My Poetry Muse appears to have taken a sabbatical. As a result, The Poem of the Week shall be replaced by the Musings of the Week, which will contain mostly prose and possibly poetry, depending on the fickle Muse. As the year draws to its end, I offer you the following piece from my Archives, that was originally published by me in 2011. However, it appears relevant to the thoughts I was having today, so I’m sharing it with all of you to see what kind of reaction you have to its message. You might also notice how little has changed in eleven years!.
It has been one of those days in Southern California that justifies our choice of living here despite the traffic congestion, high taxes and the other well publicized problems of the State – clear, sunny, without significant humidity, balmy temperatures in the high 70’s, and Mt. Baldy still covered with a cap of snow. After going for a morning walk to enjoy the benefits of the Santa Ana winds, smell some of the spring flowers along the way, I had a rare chance to relax, read the Sunday paper and reflect on the mixture of bad and good news to be found inside the pages. As usual, the bad news predominates, reflecting the journalist’s bias (and sad truth about human nature) that good news doesn’t sell papers. Given this selection criterion, it’s sometimes difficult to know if the world (and the people in it) is really as terrible a place as the media would have us believe.
One would have to be a complete Pollyanna to not realize the terrors that war, human cruelty and greed, not to mention the devastation Mother Nature brings to the human condition. No wonder that many choose simply to avoid reading newspapers or watching news programs, as we have all become overburdened and desensitized by the amount of carnage and horror delivered daily in front of our eyes. I hadn’t even had a chance to reflect on the earthquake damage in Haiti, Chile, and then New Zealand, especially as it might apply to our own geography, before the tsunami in Japan and the nuclear plant meltdown shifted my focus in a different direction. Now, with the tornado ravaged Southeast competing for news attention with the British royal wedding (a telling assessment of our values based on the time allocated to each,) I cannot recall any recent mention of what is happening in these other areas, though I intellectually know that the people there remain homeless, are still dealing with loss and daily deprivation. Sadly, just as the flotsam and jetsam of their lives have been washed out to sea, their problems are also lost in the relentless never ending news cycle of the media.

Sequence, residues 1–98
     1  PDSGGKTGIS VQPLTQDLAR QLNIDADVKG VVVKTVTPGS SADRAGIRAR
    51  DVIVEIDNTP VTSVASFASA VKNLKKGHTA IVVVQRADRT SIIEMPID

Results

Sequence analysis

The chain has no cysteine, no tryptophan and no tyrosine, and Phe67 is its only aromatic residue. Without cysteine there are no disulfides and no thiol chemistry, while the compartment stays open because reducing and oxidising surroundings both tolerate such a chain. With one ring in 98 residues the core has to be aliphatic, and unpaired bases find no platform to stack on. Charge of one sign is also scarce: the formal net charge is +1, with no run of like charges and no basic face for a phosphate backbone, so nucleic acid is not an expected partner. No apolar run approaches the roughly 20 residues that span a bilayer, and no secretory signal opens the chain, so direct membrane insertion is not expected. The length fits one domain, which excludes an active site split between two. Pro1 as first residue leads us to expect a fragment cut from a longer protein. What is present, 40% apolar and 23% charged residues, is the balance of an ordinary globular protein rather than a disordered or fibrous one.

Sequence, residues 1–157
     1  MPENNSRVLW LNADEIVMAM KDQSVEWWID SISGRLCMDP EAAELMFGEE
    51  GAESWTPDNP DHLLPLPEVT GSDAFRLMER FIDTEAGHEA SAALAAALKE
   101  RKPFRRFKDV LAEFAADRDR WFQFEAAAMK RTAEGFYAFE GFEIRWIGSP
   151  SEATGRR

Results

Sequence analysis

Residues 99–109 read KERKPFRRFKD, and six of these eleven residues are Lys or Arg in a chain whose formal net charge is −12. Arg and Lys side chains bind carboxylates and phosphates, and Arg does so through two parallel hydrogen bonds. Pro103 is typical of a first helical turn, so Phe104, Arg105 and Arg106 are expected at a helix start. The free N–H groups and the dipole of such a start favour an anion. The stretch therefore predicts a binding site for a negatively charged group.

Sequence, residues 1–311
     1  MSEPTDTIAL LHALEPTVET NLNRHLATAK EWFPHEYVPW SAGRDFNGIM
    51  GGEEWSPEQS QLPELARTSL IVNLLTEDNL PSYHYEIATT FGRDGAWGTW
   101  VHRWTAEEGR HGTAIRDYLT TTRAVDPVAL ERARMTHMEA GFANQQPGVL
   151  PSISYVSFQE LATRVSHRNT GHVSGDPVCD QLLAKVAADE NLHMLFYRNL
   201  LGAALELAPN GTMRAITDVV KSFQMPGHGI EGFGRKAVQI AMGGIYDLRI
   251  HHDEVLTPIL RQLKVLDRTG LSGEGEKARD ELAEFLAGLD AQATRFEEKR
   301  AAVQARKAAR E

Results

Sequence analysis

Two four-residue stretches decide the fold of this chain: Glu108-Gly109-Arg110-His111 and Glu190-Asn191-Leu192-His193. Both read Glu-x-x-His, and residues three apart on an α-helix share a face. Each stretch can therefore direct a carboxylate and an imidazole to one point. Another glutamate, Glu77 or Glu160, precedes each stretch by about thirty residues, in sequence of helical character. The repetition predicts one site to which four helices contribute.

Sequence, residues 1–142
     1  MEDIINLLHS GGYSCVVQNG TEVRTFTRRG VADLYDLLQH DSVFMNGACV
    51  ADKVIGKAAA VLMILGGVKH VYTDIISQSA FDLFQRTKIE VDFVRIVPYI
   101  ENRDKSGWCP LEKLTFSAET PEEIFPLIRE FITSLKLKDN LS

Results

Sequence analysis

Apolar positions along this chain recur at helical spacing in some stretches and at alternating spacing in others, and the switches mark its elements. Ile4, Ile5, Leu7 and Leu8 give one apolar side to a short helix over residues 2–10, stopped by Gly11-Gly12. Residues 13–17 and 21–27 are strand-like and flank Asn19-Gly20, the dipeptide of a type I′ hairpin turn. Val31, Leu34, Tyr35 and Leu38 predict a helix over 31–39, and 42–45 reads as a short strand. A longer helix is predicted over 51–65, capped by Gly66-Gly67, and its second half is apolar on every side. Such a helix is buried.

I was brought up by my parents to care about the suffering of others, to be grateful for the daily blessings of my life, to share with others surplus which is mine when their needs exceed my own. I still believe that this is the right way for me to live, but I admit, I feel completely overwhelmed by the magnitude of the problems that are daily placed in front of me. I, along with millions of others, suffer from compassion fatigue. It’s daunting to realize that if I did nothing else but devote my entire life, energy and resources to the solution to but one of these myriad issues daily raised before my eyes, it could totally consume me, and still not do more than scratch the surface of the problem. I admire, and attempt to emulate those who have selected one or two worthwhile projects to which they lend their support, and who have remained steadfast in their focus. I continue to be impressed with the generosity of the American people in continuing to give to disaster after disaster relief, even knowing that their money is sometimes misspent or wasted.
I have been very fortunate in my life. All along the way, I have encountered angels in the form of people who have given me financial and moral support, who had literally taken me into their homes as though I were one of their own, who have opened doors for me that would have remained closed without their aid. There is always more that each of us can do for another, and it is a struggle for me, as I’m sure it is for many of you, to know where to draw the line between obligation of what I owe to myself and my family, and what I owe to someone who has been less fortunate than me. One way to deal with this dilemma, and one which I’m sure all of us have attempted to practice at one time or another, is to attempt to avoid seeing need so as not to feel guilty about not responding to it. Unless you live in almost complete isolation, this is almost impossible in our society. Another is to draw up a budget, setting aside a sum (be it money, time, or both) you feel you can devote to helping others. But what do you do when your budget has been spent, and an appeal reaches you that is difficult to ignore? How much right do we have to deprive someone close to us of our time or financial resource without their specific consent for what we feel is a greater need? And in the end, just how much impact does what we do have on the life of another? In my personal case, I can give you an easy answer – tremendous! I hope those of you who read these words will reflect on your own situations, continue to struggle with the balance between your good impulses, your selfish needs, and the legitimate needs of your families, and remain generous with the less fortunate.